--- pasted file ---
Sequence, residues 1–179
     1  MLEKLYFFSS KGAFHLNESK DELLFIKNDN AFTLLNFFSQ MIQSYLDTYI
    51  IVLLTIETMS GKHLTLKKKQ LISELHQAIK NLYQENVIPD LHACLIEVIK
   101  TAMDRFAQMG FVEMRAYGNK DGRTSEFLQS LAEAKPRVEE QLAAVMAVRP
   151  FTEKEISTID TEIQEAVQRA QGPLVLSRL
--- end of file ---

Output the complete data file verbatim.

Sequence, residues 1–179
     1  MLEKLYFFSS KGAFHLNESK DELLFIKNDN AFTLLNFFSQ MIQSYLDTYI
    51  IVLLTIETMS GKHLTLKKKQ LISELHQAIK NLYQENVIPD LHACLIEVIK
   101  TAMDRFAQMG FVEMRAYGNK DGRTSEFLQS LAEAKPRVEE QLAAVMAVRP
   151  FTEKEISTID TEIQEAVQRA QGPLVLSRL